These days, everything is serially numbered, even the base cards in some cases. Its reached epidemic levels, especially with some of the recent releases from Topps and Panini that number the worthless insert cards. In fact, its gotten so bad that the number on a card no longer means a single thing. I remember back in the late 1990s, having a serially numbered card meant it was EXTREMELY RARE. Back then, the low numbered cards were usually some of the most expensive non-autographed modern cards ever. Don’t believe me? Check out this Jordan from Metal, ending tomorrow, that will most likely clear three g’s. What do we have now? Nothing even close.
I was looking over my collection, and not once has a serial number made any sort of difference to me. I want a good looking card above anything else, and the rarity is just a bonus. The problem is that contrived scarcity is so common these days that 1/1s don’t even have the clout they once used to. Personally, if serial numbers went away, I wouldn’t have an issue, mainly because of how much of my collection centers around autographs. So much so that an autograph could be numbered to 1999 and I wouldn’t care as long as it was well designed and had a cool picture.
The worst part is that its gotten to the point where manufacturers are using parallels as a crutch to fill out a product, with Panini taking it to such an extreme that it has become a meme within the hobby ranks. In fact, you are lucky if you find a Panini card that ISNT serially numbered in some way. Instead of spending the time to design more cards for the set, most times, the manufacturers will just create an extra 5 or 10 parallels to a card. That’s how we end up with an insert numbered to 1999, 999, 499, 100, 50, 25, 10, 5 and 1. Guess what? You could put together a complete set of all those cards and not have something to sell on eBay for more than 100 bucks.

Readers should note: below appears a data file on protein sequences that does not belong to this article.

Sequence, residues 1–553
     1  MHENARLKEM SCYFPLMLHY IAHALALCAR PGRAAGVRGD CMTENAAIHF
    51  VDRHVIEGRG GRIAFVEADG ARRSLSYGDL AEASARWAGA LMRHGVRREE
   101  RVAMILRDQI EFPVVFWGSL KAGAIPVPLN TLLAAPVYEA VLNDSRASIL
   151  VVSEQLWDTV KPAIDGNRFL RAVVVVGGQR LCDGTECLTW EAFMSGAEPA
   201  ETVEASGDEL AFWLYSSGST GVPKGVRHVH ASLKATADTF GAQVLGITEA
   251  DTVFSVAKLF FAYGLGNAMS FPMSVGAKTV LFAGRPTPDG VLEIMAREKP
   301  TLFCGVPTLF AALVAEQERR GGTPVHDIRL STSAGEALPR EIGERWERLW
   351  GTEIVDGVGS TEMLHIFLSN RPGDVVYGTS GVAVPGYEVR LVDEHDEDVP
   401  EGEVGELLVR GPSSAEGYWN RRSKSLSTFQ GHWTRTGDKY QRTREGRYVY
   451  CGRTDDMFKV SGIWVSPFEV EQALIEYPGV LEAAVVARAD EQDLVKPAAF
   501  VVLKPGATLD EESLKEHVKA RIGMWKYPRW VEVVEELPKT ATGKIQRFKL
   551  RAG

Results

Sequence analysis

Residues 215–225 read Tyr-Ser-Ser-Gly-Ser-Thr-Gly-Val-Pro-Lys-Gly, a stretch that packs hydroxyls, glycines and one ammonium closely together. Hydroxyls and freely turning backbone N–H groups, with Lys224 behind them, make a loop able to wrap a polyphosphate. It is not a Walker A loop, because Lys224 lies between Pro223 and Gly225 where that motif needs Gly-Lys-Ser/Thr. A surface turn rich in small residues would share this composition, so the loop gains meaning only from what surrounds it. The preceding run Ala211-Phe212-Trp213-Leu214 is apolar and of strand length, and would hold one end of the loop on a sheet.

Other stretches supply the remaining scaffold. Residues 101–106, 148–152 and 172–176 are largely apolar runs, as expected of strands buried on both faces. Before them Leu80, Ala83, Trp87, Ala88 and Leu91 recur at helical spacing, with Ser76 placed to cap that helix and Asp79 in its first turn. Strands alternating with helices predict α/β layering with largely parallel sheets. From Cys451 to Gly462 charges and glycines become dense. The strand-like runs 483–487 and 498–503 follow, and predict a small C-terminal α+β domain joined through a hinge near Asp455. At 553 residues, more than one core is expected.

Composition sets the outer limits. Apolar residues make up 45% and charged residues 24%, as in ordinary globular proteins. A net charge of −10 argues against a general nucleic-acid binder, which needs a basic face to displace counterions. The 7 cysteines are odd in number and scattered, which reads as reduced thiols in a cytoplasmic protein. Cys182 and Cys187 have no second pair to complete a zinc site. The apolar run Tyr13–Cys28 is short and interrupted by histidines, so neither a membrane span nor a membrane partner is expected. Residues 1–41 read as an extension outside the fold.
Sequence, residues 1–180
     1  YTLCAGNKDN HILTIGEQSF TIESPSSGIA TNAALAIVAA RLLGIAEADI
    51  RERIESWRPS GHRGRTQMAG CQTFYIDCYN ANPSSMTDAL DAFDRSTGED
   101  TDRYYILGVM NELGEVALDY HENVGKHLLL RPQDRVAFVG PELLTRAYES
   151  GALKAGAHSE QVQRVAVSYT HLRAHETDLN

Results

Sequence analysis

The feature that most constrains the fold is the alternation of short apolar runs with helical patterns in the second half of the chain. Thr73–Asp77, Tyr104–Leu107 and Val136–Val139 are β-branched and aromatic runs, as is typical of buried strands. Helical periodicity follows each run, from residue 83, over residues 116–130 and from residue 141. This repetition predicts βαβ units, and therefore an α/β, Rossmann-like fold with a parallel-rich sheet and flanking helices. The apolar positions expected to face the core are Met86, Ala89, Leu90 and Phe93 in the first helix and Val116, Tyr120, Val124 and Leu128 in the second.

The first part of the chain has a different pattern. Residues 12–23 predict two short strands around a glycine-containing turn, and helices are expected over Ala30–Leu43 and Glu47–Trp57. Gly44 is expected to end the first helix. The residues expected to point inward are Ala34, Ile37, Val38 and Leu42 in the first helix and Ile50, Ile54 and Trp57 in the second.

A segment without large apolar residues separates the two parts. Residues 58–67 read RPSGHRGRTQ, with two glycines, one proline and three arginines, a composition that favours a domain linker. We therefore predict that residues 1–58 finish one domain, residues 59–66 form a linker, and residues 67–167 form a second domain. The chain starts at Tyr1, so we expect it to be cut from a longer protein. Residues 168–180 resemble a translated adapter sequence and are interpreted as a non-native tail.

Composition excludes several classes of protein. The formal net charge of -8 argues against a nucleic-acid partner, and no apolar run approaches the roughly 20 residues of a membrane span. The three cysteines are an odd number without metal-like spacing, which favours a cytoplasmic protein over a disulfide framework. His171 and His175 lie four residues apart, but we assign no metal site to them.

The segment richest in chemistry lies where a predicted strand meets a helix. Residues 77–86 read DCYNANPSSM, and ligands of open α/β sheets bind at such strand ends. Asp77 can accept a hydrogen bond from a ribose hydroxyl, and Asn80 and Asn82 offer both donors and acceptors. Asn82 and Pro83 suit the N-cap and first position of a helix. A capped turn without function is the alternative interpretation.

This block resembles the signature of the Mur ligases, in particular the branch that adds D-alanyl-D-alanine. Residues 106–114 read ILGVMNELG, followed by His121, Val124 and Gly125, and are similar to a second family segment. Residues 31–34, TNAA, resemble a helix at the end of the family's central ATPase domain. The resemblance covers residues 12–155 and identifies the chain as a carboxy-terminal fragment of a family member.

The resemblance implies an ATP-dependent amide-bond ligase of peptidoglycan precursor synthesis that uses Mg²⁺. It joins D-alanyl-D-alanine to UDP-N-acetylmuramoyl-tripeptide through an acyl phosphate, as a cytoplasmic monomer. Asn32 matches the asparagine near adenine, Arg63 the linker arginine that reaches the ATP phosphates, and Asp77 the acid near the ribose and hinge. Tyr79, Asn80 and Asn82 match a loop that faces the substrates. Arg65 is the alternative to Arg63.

I will tell you that my favorite part of this whole adventure continues to be the collectors that pay a premium for a card numbered to the player’s jersey number. I have no idea why someone would think a Brett Favre autograph numbered 4/25 is worth more than the same Brett Favre autograph numbered 5/25. I can understand HOW this practice came to be, but it literally makes zero sense to me. Here is a John Wall Limited patch auto numbered 2/10, which is selling for a shit ton of money because its numbered to his jersey. Yeah, not really going to say that is anything but ridiculous.
The reality of the situation is that this is just another example of a new innovation that has been exploited to the point of parody. When you have a set like Topps Moments and Milestones that contains over 40,000 serially numbered cards, you know that it has gotten worse than anyone has expected. How long will it take for every card to be numbered so low that even the ridiculously scarce parallels mean nothing unless it’s the backwards mirror of the player’s high school jersey number? Don’t worry, that’s an eBay 1/1.